This post kicks off a miniseries on tritones. I’ll use the terms tritone and diminished 5th somewhat interchangeably. This post covers some basics, the next one will explore an idea about key signatures, then I’ll look at diminished 7th chords.
Let’s start by considering the seven natural notes. If we place a natural note a 5th above each of the seven natural notes, we see we see that we now have six perfect 5ths and one diminished 5th.
- FF1 There is only one diminished 5th made of natural notes: B-F
- FF2 There are six perfect 5ths made of natural notes
- FF3 Any 5th made of natural notes, other than B-F, is perfect
OK, let’s look at each of these natural perfect 5ths. There are two ways we can turn a perfect 5th into a diminished 5th. We can raise the bottom note with a sharp. Or we can lower the top note with a flat.
- FF4 Other than B-F, any 5th with a sharp on the bottom and a natural on the top is diminished; there are six of these
- FF5 Other than B-F, any 5th with a natural on the bottom and a flat on the top is diminished; there are six of these
So, there are six tritones with one sharp and one natural, and six tritones with one natural and one flat. But six intervals adds up to twelve notes, so the six “sharp” tritones add up to the entire chromatic scale. And then, so must the six “flat” tritones also add up to the entire chromatic scale.
- FF6 The six tritones with a sharp on the bottom and a natural on the top make up the entire chromatic scale
- FF7 The six tritones with a natural on the bottom and a flat on the top make up the entire chromatic scale
- FF8 For every tritone with a sharp on the bottom and a natural on the top, there is an enharmonically-equivalent tritone with a natural on the bottom and a flat on the top
Hey, if the tritones with only one sharp cover the chromatic scale, and so do the ones with one flat, then what about B-F? Is that an extra tritone, since it has no sharps or flats? Oh good question, but B-F is covered enharmonically in both cases: E#-B, and F-Cb.
- FF9 The tritone with no sharps or flats, B-F, has an enharmonic equivalent with one sharp, and another equivalent with one flat
The diagram above summarizes all six enharmonically-related tritones that can be spelled with either two naturals, a natural and a sharp, or a natural and a flat. (There are actually two more that can be made with two sharps or two flats, but they are also enharmonically equivalent. I’ll cover those in the next post.) Oh, let’s go ahead and formalize this with its own fun fact!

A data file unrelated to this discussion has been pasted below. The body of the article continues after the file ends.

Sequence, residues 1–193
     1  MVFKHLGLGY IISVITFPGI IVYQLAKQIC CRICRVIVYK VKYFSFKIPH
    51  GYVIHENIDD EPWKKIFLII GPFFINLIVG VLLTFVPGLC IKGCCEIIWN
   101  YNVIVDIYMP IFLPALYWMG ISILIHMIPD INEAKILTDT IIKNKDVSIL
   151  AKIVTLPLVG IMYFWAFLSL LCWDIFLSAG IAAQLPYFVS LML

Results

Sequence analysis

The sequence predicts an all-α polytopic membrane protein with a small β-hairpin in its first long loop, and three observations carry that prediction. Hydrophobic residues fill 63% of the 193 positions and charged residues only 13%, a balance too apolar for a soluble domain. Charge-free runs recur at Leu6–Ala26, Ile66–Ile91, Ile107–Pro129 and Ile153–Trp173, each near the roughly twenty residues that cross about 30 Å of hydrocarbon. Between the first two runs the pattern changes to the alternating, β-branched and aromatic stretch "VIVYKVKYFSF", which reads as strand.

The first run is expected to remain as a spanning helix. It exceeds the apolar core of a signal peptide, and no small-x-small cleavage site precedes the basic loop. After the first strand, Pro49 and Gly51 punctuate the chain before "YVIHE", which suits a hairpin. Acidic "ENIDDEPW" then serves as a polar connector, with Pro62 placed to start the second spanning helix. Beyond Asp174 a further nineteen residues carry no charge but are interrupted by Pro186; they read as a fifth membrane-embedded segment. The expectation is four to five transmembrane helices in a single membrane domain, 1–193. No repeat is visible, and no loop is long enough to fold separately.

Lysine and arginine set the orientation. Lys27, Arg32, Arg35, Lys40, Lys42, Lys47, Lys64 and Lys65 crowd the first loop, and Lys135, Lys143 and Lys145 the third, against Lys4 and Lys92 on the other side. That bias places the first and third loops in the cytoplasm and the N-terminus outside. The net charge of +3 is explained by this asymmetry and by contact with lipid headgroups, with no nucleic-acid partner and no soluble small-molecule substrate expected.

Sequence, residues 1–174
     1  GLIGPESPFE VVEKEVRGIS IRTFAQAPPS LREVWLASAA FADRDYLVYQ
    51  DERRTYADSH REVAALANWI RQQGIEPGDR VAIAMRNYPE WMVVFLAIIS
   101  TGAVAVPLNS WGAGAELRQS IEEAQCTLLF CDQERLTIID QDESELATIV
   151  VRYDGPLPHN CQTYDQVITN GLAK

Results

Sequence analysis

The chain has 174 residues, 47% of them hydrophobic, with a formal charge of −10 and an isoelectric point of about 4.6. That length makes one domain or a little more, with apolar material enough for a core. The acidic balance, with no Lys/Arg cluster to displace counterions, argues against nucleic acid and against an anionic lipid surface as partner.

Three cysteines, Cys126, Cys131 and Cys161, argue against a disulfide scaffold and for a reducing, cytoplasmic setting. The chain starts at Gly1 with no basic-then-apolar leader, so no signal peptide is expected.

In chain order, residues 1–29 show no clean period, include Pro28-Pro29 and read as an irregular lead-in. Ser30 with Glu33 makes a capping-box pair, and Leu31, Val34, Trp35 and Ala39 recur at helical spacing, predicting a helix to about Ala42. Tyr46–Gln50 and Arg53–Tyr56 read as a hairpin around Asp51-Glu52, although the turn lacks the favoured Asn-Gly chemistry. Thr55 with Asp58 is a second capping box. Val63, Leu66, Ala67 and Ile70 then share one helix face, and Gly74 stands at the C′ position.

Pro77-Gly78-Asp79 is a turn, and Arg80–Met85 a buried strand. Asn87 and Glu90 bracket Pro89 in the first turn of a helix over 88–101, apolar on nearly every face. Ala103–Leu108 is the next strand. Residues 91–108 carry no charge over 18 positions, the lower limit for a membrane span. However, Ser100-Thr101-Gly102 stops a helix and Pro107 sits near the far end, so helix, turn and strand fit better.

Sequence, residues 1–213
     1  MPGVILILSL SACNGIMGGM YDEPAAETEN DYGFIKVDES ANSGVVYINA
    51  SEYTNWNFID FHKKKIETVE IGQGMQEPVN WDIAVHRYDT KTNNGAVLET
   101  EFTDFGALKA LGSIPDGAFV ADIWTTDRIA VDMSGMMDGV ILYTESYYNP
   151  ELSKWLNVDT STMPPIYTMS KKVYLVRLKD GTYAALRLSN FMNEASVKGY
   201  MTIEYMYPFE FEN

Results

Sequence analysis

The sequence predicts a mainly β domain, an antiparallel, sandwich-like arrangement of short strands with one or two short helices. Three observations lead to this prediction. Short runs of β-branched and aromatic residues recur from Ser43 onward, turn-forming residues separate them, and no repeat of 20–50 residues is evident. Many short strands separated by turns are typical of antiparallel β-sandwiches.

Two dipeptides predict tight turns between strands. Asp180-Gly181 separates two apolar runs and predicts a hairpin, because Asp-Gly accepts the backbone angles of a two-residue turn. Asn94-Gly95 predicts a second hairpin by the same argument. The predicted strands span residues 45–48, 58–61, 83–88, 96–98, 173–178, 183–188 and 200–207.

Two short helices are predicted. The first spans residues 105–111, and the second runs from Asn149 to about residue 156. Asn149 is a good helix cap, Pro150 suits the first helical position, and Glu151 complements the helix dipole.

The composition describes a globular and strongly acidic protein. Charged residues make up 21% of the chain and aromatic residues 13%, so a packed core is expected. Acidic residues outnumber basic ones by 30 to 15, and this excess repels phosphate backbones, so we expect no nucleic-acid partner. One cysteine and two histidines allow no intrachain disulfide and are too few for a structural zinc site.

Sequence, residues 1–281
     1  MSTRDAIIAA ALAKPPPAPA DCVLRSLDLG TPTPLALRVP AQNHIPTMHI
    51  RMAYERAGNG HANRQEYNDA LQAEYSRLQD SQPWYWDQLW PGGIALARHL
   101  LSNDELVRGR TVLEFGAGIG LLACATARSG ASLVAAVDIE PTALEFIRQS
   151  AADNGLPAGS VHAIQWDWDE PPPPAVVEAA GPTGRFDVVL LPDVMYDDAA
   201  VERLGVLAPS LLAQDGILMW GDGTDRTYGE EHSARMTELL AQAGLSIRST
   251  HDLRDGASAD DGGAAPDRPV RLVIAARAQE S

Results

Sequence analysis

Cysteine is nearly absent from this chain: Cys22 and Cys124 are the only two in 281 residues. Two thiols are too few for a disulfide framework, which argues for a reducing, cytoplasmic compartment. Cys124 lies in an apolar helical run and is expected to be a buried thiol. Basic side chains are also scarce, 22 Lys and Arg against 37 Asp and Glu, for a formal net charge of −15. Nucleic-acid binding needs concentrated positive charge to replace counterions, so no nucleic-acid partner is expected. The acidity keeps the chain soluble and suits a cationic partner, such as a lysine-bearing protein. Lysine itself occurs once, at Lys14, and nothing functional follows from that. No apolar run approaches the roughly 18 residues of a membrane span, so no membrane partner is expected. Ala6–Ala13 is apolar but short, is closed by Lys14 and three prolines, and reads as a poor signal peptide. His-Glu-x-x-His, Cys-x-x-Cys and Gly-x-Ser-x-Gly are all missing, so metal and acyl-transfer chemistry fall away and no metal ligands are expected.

- FF10 There are only six tritones and their enharmonic equivalents
Actually, this makes sense from another perspective. On the piano, B-F is made of white notes only. We said earlier that there are six tritones with one natural and one sharp. But wait, there are only five black keys. So one of those sharps has to be a white key. Same goes for tritones with flats.
- FF11 Every tritone consists of one white key and one black key, except for B-F and its two enharmonic equivalents
So, B-F is kind of weird, right? What’s also interesting is that to turn B-F into a perfect 5th, you have to do the opposite operation: raise the top note with a sharp, or lower the bottom note with a flat.
- FF12 To turn a diminished 5th into a Perfect 5th, you can either raise the top note with a sharp, or lower the bottom note with a flat
OK, so this is mildly interesting (or wildly, in which case, you may have a career as a music theorist ahead of you!), but is there any practical application? Why, yes! This should help with automatic recognition of intervals. Remember, other than B-F, two naturals always means perfect; sharp on bottom and natural on top always means diminished; natural on bottom, flat on top always means diminished. This should also help with instant recognition of 5ths with double flats and double sharps.
That’s enough for today. Next time, we are going to talk about key signatures.